Newest Issue

Research Papers: Evaporation, Boiling, and Condensation

J. Heat Transfer. 2015;138(2):021501-021501-8. doi:10.1115/1.4031233.

Boiling and bubble dynamics were experimentally investigated in a Hele-Shaw flow cell using pure water at atmospheric pressure as the working fluid. The resulting vapor bubble shapes were recorded by means of a high-speed camera for several plate spacings and heating power levels. It was found that viscous fingering phenomena of vapor bubbles occurred only under very special boiling conditions and cell parameters. The evaporation front velocity was identified as a major parameter for the onset of viscous fingering. The observed basic viscous fingering dynamics was in reasonable agreement with theoretical analyses. In addition to that classical viscous large fingering, small-scale evaporation instability was observed leading to microscopic roughening of accelerating evaporation fronts. This instability might be explicitly related to evaporative heat and mass transfer effects across the fast-moving phase interface.

Commentary by Dr. Valentin Fuster
J. Heat Transfer. 2015;138(2):021502-021502-12. doi:10.1115/1.4031234.

This paper presents a fundamental study of the flow dynamics and heat transfer induced by a slug flow under saturated flow boiling in a circular microchannel. Numerical simulations are carried out by utilizing the commercial CFD solver ansys fluent v. 14.5, with its built-in volume of fluid (VOF) method to advect the interface, which was improved here by implementing self-developed functions to model the phase change and the surface tension force. A continuous stream of bubbles is generated (by additional user-defined functions) by patching vapor bubbles at the channel upstream with a constant generation frequency. This modeling framework can capture the essential features of heat transfer in slug flows for a continuous stream of bubbles which are here investigated in detail, e.g., the mutual influence among the growing bubbles, the fluid mechanics in the liquid slug trapped between two consecutive bubbles, the effect of bubble acceleration on the thickness of the thin liquid film trapped against the channel wall and on other bubbles, and the transient growth of the heat transfer coefficient and then its periodic variation at the terminal steady-periodic regime, which is reached after the transit of a few bubble–liquid slug pairs. Furthermore, the results for a continuous stream of bubbles are found to be quite different than that of a single bubble, emphasizing the importance of modeling multiple bubbles to study this process. Finally, the outcomes of this analysis are utilized to advance a theoretical model for heat transfer in microchannel slug flow that best reproduces the present simulation data.

Commentary by Dr. Valentin Fuster
J. Heat Transfer. 2015;138(2):021503-021503-8. doi:10.1115/1.4031303.

Pool film boiling was studied by visualized quenching experiments on stainless steel spheres in water at the atmospheric pressure. The surfaces of the spheres were coated to be superhydrophobic (SHB), having a static contact angle greater than 160 deg. Subcooled conditions were concerned parametrically with the subcooling degree being varied from 0 °C (saturated) to 70 °C. It was shown that film boiling is the overwhelming mode of heat transfer during the entire course of quenching as a result of the retention of stable vapor film surrounding the SHB spheres, even at very low wall superheat that normally corresponds to nucleate boiling. Pool boiling heat transfer is enhanced with increasing the subcooling degree, in agreement with the thinning trend of the vapor film thickness. The heat flux enhancement was found to be up to fivefold for the subcooling degree of 70 °C in comparison to the saturated case, at the wall superheat of 200 °C. A modified correlation in the ratio form was proposed to predict pool film boiling heat transfer from spheres as a function of the subcooling degree.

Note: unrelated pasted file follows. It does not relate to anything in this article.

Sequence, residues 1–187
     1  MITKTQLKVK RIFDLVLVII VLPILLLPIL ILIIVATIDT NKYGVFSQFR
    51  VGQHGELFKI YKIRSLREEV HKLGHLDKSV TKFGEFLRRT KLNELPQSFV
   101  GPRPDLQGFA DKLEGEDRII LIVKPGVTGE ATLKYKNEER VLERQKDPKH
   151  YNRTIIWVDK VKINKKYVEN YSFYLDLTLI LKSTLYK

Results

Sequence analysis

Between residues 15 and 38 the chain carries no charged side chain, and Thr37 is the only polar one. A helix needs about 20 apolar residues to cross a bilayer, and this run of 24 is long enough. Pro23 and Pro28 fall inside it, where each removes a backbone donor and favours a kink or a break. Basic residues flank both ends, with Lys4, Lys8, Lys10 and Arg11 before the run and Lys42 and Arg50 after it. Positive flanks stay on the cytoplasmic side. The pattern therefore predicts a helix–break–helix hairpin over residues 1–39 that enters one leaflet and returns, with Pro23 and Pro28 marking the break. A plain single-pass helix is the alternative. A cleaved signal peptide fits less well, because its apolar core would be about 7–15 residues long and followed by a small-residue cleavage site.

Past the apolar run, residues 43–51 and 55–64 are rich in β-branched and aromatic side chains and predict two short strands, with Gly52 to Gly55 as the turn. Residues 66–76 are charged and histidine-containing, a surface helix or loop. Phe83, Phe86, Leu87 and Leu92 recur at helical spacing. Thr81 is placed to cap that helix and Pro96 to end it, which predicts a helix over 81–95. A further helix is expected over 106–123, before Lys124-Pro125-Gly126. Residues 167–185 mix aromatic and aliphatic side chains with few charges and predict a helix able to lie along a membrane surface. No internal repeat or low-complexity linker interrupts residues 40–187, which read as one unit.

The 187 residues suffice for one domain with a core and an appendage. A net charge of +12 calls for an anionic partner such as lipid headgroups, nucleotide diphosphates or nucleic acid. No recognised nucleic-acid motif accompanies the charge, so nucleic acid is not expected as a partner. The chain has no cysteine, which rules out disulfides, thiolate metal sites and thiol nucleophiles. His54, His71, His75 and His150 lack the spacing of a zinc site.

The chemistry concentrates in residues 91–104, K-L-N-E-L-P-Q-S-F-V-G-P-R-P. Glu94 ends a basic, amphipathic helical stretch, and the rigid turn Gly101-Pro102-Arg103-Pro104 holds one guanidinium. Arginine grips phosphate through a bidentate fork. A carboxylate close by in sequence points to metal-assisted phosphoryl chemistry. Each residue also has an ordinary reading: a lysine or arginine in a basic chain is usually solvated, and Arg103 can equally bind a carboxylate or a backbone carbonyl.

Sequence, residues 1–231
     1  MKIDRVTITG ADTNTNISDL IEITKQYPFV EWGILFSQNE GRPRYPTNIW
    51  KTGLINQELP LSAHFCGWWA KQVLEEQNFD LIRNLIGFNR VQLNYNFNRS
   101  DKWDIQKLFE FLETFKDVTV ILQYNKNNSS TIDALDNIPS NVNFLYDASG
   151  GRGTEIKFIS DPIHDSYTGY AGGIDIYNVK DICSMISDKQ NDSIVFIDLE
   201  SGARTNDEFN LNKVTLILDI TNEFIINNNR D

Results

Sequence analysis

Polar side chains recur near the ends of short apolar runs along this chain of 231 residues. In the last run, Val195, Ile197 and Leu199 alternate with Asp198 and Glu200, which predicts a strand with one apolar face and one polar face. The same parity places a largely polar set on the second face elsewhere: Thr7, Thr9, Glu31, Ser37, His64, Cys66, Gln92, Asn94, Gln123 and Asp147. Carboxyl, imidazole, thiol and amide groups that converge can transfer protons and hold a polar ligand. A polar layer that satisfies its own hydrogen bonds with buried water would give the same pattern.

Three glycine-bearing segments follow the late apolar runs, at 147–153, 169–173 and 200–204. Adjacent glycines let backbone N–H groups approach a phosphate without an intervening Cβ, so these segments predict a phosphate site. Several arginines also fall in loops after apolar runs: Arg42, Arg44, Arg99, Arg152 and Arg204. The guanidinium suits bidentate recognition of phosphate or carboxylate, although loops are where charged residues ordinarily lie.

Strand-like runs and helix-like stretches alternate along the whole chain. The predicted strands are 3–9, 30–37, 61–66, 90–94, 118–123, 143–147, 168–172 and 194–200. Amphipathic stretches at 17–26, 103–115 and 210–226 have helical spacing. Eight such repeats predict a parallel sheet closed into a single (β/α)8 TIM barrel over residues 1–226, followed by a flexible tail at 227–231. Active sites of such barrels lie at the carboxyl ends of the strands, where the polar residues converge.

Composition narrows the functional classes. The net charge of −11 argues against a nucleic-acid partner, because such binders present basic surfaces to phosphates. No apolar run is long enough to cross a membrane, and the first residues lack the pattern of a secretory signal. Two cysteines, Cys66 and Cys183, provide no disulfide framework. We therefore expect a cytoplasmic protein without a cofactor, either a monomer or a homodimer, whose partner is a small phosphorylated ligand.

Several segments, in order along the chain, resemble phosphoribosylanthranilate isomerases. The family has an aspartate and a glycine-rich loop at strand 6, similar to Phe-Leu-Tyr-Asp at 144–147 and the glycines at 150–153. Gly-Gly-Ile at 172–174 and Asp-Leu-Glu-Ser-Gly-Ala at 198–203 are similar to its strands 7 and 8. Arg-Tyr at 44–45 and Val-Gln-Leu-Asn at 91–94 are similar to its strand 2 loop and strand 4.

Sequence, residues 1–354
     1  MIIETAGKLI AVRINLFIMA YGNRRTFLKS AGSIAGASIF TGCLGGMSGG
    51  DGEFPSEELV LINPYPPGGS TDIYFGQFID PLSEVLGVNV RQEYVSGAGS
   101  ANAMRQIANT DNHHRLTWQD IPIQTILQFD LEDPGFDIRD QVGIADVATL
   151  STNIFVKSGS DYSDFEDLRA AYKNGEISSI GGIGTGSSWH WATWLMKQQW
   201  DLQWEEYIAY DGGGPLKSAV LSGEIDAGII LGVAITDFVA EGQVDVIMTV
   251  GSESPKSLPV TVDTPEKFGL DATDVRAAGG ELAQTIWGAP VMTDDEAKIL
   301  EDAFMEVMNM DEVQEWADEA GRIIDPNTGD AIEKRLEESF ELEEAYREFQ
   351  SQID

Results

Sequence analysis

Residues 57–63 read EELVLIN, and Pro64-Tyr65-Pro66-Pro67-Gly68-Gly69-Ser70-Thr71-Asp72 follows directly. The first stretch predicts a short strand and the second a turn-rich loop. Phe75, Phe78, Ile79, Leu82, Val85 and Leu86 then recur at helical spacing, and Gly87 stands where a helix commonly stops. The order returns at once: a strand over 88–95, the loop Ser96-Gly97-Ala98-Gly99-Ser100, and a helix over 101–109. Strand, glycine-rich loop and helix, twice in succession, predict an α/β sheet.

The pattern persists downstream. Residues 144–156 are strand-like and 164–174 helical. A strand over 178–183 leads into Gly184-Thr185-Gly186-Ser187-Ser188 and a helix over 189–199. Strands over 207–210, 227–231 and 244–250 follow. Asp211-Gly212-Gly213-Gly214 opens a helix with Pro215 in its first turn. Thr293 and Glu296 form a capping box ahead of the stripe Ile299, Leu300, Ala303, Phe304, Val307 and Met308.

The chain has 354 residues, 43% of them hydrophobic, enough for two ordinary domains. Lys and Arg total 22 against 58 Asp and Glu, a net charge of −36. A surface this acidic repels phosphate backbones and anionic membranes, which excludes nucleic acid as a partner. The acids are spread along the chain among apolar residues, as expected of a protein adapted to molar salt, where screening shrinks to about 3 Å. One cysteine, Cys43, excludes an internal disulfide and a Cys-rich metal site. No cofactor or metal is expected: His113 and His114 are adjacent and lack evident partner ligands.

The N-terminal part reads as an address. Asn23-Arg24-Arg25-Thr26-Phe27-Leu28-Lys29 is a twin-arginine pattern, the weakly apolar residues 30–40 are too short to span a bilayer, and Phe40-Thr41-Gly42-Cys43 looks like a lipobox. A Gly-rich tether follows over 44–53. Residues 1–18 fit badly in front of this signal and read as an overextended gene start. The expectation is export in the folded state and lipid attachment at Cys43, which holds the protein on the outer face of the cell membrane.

Commentary by Dr. Valentin Fuster

Research Papers: Forced Convection

J. Heat Transfer. 2015;138(2):021701-021701-8. doi:10.1115/1.4031109.

A comprehensive analysis to convection heat transfer of power-law fluids along the inclined nonuniformly heated plate with suction or injection is presented. The effects of power-law viscosity on temperature field are taken into account in highly coupled velocity and temperature fields. Analytical solutions are established by homotopy analysis method (HAM), and the effects of pertinent parameters (velocity power-law exponent, temperature power index, suction/injection parameter, and inclination angle) are analyzed. Some new interesting phenomena are found, for example, unlike classical boundary layer problem in which the skin friction monotonically increases (decreases) with suction increases (injection increases), but there exists a special region where the skin friction is not monotonic, which is strongly bound up with Prandtl number, which have never been reported before. The nonmonotony occurs in suction region for Prandtl number Npr < 1 and injection region for Npr > 1. Results also illustrate that the velocity profile decreases but the heat convection is enhanced obviously with increasing in temperature power exponent m (generalized Prandtl number Npr has similar effects), the decreases in inclination angle lead to the reduction in convection and heat transfer efficiency.